Five signs that it may be time to switch suppliers

Sylvia Pennington

Do you have a productive and cordial relationship with suppliers who bend over backwards to meet the needs of your small business? Or is finding yourself the recipient of sub-standard service or over-the-odds pricing a more common experience?

If you answered yes to the latter, you’re far from alone, says Sharon Melamed, managing director of Matchboard, an online matching service for small businesses and suppliers.

She says almost half of the small business clients who’ve signed up to her site have done so because they’re unhappy with existing suppliers.

She shares a few of the signs that it may be time to take your business somewhere new.

Anybody there?

Are your calls and emails returned promptly, or does your supplier keep you hanging on their response for days on end?

If you’re regularly left feeling like you’re low on their priority list, it may be time to replace them with someone who lets you feel the love, or at least shows some healthy appreciation for the dollars you’re spending with them, Melamed says.

Invoicing errors

Are mistakes on their invoice rare, regular or inevitable? To paraphrase Irish playwright Oscar Wilde, making one error may be regarded as a misfortune; two or more start to look like sloppiness – and the slapdash approach is unlikely to be confined to the accounts department, Melamed says.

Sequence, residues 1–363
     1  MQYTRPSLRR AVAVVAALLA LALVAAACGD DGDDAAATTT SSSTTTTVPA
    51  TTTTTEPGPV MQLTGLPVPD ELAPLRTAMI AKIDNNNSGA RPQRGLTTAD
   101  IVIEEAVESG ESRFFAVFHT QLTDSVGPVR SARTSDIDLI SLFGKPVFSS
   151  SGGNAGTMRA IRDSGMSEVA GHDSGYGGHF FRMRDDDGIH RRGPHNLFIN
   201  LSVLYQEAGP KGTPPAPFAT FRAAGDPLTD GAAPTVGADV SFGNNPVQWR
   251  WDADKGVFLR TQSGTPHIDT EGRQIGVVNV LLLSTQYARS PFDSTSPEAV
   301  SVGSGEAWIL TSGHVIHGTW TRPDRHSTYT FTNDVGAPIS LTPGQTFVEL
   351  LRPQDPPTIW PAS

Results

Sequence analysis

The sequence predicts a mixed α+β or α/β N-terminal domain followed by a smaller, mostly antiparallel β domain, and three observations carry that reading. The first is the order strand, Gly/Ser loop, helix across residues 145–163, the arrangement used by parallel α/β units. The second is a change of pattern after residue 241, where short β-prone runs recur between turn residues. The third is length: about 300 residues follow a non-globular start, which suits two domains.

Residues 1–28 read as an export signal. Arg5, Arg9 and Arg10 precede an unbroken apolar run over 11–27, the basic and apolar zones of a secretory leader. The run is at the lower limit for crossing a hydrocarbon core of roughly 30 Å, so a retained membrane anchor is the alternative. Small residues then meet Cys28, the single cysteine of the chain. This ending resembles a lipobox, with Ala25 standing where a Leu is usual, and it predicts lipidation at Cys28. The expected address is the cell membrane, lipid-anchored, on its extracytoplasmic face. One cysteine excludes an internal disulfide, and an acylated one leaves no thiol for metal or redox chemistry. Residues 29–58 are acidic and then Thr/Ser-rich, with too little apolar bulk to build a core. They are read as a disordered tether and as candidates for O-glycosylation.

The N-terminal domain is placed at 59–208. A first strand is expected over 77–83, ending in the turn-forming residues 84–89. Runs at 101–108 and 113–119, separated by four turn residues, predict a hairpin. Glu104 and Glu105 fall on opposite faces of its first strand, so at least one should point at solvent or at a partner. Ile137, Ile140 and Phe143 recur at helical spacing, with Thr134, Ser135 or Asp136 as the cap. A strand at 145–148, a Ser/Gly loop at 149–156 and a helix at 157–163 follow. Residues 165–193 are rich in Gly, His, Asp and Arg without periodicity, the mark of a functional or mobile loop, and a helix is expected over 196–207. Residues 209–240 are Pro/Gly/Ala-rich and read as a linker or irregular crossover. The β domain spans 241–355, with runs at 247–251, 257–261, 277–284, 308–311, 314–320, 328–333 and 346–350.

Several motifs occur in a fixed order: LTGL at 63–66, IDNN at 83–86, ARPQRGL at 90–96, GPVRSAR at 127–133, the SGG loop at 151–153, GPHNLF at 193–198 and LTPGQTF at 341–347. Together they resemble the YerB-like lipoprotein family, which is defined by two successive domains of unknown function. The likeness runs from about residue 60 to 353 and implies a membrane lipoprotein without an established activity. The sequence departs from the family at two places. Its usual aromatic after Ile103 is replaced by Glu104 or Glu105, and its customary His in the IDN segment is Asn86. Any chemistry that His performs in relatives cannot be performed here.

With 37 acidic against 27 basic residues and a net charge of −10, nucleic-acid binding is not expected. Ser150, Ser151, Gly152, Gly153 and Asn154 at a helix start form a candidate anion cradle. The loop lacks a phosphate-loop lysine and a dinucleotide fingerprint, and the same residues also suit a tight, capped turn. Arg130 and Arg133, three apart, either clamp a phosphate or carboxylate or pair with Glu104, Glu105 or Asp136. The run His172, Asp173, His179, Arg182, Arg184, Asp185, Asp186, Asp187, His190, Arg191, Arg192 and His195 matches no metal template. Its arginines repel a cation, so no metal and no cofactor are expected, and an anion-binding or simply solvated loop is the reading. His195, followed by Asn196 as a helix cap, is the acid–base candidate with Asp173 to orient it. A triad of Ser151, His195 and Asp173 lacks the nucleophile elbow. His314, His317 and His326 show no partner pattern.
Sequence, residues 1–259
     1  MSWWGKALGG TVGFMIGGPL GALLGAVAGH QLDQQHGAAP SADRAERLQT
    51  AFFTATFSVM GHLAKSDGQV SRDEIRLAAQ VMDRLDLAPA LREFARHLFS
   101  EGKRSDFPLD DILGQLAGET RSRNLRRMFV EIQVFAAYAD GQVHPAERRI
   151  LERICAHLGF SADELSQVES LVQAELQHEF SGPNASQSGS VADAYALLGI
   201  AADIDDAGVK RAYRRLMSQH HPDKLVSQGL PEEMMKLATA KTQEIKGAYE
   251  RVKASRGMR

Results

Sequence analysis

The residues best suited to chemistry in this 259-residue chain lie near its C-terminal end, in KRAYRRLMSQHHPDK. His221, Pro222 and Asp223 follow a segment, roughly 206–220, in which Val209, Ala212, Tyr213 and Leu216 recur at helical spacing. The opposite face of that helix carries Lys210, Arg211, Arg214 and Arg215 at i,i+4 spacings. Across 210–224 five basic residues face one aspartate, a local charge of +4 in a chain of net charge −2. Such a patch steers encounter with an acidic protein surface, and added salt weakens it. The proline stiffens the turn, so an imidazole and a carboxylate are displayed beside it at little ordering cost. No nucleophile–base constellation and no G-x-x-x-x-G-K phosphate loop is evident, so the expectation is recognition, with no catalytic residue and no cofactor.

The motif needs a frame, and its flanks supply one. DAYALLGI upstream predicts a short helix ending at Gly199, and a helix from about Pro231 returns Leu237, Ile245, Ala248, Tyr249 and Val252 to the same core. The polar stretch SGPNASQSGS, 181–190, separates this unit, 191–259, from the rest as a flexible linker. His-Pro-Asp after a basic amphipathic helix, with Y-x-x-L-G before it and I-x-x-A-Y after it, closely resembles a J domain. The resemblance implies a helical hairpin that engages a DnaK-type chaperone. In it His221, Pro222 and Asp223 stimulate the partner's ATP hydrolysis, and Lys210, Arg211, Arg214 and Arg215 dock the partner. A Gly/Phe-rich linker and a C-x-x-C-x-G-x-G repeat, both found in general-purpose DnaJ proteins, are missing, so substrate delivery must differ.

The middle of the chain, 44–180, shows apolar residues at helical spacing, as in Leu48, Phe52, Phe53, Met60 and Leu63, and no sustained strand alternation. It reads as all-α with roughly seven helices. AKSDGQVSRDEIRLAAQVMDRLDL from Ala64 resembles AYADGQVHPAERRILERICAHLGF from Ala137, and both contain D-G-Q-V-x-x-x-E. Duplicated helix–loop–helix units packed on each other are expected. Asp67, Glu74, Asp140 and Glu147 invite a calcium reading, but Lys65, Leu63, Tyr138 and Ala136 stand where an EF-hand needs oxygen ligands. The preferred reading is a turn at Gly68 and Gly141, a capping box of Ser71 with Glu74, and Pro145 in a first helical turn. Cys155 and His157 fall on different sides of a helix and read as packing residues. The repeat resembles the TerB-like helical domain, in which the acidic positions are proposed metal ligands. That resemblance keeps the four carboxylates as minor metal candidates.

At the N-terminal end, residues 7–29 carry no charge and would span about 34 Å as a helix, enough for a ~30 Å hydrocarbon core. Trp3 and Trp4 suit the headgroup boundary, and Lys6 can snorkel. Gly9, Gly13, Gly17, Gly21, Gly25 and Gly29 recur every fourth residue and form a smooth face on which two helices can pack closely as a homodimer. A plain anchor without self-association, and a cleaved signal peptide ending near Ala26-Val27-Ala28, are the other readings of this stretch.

Steer clear of those whose prices go up without explanation or justification.

Hello, goodbye

Have you been dealing with the same key contact for months or years or do you regularly have to discuss the details of your business and purchasing requirements with a new account manager? A revolving door is often the sign of deeper problems within a business, Melamed cautions, so it’s worth keeping a cautious eye on suppliers that can’t seem to be able to retain staff.

Price watch

Feeling exploited because a supplier has jacked up their prices at no notice for no discernable reason for the fourth time this year? Good suppliers don’t do this – they aim to offer justifiable pricing and incremental increases with plenty of notice.

“Steer clear of those whose prices go up without explanation or justification or just go up too often and are out of whack with the CPI,” Melamed advises.

 KPI fail

Got Key Performance Indicators in place for your major suppliers? If you don’t, consider taking a leaf out of big business’ book and putting some in place. Whether they’re based on timeliness, responsiveness or speed of delivery, they’ll give you a standard by which to judge the quality of the service you’re receiving and make it simpler to decide when it’s time to give an underperformer the heave ho, Melamed says.

Sylvia Pennington

Sylvia Pennington is a Brisbane-based freelance journalist who writes about small business, information technology and personal finance.